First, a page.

Over the course of my gaming career, I've played alongside and against kids, adults, moms, dads, lawyers, fraternity presidents, computer programmers, cancer patients, army veterans, american soldiers, racist rednecks, catholic purists, life-long bachelors, hopeful widows, and adolescents that all too perfectly showed me a mirror of myself.

As a teenager, this was very opposite my town and my school where the only choices of friends were a few different peer groups: jocks, nerds, popular kids, unpopular kids, skaters, druggies, and Asian exchange students. While my peers were busy listening to what James, the Caucasian football star said every day in math class, I was talking to a guy in Hawaii through my headset and he was telling me he moved there with his wife a few years ago, she suffered from post-partem depression, and one day he came home and found her and her newborn baby dead on the floor of his living room, bathing in their own blood. (True story, he provided me news clippings.)

I was exposed to SO MUCH MORE online than my current surroundings provided. During raids, I had stockbrokers talking Wall Street in my ear; gamer moms making jokes about parenting, their kid screaming in the background; 27-year-olds that had been working in a cubicle for five years, warning the rest of us of corporate life.

World of Warcraft taught me that when you put everyone on an even playing field (like say, an online game), we are all equal.


I was a terrible student. Really. Straight C's. B's sometimes. I couldn't even get an A in English, and I loved writing! School, for me, just didn't make sense. I felt like I was being tested on my ability to memorize, not my ability to understand and then make my own.

World of Warcraft taught me the opposite. It taught me the basics, and then encouraged my innovation. I could mix different gear sets and combine different stats to lean my character more towards survivability, or more towards pure damage. It taught me that the best players were the ones that came up with new play styles different from the rest. It taught me that it is ASTOUNDING how much you can learn and understand when what you're learning has applicable value and you find it enjoyable.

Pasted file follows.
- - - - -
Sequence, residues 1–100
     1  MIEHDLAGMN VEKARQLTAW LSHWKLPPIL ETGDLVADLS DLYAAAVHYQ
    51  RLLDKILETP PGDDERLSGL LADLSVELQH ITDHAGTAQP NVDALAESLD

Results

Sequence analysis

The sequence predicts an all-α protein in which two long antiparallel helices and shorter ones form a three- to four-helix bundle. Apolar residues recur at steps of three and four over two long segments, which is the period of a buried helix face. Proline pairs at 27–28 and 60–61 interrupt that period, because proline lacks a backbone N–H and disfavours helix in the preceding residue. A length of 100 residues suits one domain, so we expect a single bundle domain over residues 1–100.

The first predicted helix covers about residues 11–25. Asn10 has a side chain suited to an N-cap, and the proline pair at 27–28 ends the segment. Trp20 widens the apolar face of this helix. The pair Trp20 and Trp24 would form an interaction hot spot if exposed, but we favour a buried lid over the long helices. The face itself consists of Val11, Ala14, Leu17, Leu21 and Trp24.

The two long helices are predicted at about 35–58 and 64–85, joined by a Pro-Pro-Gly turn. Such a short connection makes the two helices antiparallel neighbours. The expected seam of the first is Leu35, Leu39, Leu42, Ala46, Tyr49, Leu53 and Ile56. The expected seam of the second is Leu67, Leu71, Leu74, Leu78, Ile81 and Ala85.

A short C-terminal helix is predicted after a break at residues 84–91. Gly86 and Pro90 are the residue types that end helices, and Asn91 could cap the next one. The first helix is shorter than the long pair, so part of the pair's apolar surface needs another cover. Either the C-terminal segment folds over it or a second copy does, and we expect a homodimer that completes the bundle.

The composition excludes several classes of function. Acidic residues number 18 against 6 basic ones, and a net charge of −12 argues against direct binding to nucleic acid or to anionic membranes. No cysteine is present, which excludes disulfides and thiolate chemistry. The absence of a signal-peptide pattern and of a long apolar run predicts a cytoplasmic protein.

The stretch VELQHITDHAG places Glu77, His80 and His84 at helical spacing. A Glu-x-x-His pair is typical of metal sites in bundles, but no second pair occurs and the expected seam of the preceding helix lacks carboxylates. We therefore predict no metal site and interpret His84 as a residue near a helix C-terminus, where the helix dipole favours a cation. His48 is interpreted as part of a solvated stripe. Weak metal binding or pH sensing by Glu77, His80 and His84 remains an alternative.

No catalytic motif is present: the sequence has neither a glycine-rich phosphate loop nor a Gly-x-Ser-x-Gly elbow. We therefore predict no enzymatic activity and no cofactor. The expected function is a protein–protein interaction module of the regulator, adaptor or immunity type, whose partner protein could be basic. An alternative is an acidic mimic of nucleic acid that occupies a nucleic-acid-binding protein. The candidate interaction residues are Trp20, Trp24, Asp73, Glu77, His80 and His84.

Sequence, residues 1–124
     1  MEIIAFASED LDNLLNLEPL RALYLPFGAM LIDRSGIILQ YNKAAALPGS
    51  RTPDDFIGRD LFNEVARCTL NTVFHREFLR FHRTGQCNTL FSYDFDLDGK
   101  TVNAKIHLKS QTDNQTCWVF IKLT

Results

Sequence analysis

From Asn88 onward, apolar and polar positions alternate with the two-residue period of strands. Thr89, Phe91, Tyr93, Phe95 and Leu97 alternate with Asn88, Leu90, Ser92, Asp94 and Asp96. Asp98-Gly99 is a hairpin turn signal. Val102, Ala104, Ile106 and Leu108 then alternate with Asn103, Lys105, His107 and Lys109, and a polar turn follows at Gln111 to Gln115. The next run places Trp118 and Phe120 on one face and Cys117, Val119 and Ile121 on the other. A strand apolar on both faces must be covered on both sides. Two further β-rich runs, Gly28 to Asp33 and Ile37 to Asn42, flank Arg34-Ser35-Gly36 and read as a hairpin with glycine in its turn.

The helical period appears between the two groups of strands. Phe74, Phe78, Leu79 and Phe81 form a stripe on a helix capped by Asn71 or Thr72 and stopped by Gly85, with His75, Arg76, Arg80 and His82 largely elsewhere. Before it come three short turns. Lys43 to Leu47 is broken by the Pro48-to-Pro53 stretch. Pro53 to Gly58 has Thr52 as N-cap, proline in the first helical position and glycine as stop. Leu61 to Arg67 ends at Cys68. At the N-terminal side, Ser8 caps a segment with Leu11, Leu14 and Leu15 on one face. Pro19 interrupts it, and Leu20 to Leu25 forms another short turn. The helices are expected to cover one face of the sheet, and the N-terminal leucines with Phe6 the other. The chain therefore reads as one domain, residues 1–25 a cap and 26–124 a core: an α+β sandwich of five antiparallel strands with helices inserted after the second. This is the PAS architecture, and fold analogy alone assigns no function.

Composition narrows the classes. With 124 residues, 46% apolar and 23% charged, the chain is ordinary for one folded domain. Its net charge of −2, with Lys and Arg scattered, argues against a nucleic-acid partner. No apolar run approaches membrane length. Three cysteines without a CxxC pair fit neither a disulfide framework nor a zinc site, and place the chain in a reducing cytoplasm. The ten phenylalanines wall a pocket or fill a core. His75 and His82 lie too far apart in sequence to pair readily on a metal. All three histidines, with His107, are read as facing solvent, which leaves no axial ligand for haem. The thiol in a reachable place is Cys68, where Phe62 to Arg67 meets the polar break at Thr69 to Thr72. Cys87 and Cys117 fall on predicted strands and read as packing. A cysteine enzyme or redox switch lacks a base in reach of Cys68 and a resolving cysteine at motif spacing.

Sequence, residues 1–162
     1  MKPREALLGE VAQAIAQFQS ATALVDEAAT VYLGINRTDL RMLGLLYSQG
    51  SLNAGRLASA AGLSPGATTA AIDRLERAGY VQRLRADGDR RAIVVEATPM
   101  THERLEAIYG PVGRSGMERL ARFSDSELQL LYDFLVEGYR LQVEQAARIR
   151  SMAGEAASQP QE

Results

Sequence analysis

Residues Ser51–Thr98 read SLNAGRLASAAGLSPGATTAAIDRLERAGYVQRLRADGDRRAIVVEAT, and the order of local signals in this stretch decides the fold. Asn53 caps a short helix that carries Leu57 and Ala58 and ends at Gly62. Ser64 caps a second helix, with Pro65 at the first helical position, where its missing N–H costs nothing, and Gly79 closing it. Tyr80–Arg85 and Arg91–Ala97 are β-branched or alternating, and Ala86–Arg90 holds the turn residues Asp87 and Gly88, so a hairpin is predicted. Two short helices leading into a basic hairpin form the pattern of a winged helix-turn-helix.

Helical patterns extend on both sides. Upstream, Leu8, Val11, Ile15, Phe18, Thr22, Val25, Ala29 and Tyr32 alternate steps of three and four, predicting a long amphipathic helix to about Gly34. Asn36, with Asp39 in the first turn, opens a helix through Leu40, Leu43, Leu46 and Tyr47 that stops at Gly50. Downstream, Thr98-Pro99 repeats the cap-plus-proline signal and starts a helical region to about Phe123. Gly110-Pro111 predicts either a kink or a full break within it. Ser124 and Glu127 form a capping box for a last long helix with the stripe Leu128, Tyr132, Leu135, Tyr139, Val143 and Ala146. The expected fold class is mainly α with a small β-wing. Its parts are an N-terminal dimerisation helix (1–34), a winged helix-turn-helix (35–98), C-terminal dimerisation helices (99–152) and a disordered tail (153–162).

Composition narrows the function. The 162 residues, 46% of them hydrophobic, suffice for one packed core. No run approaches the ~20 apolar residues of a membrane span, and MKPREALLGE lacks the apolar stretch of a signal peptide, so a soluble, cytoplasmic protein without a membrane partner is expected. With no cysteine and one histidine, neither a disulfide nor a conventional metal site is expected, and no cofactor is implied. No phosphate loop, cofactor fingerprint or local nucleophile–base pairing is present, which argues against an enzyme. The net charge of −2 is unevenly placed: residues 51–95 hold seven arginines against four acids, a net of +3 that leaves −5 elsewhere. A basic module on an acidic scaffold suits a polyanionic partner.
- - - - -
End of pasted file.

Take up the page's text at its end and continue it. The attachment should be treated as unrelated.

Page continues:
Now, I am an Associate Creative Director at an ad agency in Chicago called Idea Booth. And I am so, so glad that I never let formal education rob me of my curiosity and imagination.


This is a bit existential, so bear with me.

When you play a video game, you control your character. If you want your character to cast a fireball, you hit the key on your keyboard and your character begins casting a fireball. Right?

OK, now think about how your soul, your heart, your consciousness is the player behind the keyboard, and your body is the character.

If your deepest desire wants you to go apply for that new position, go talk to that girl, go take a chance and leap off the edge of the cliff, and you're mashing that button as hard as you can but you're not moving, what does that tell you?

You are not connected to yourself. You are ignoring yourself.

This is the single most important lesson gaming taught me:

You are in control of your own reality.

If you want to cast fireball, you hit the fireball button and your character just does it -- no questions asked. If you want to go talk to that girl, you hit the "go talk to her" button and you just do it, no questions asked.

The difference between people who live the lives they've always dreamed and the people who don't is this, right here. You have to listen to yourself. You have to trust yourself. The body is the character. Your consciousness is the hand that guides him/her on the keyboard.

I've learned infinite lessons from gaming, but the above are my favorites.

Tl;dr version:

"I was given every privilege known to mankind.

The only thing holding you back is you."

Note: I'm writing a book about my experiences playing video games. If you'd like to be notified of its release, subscribe here! #COATG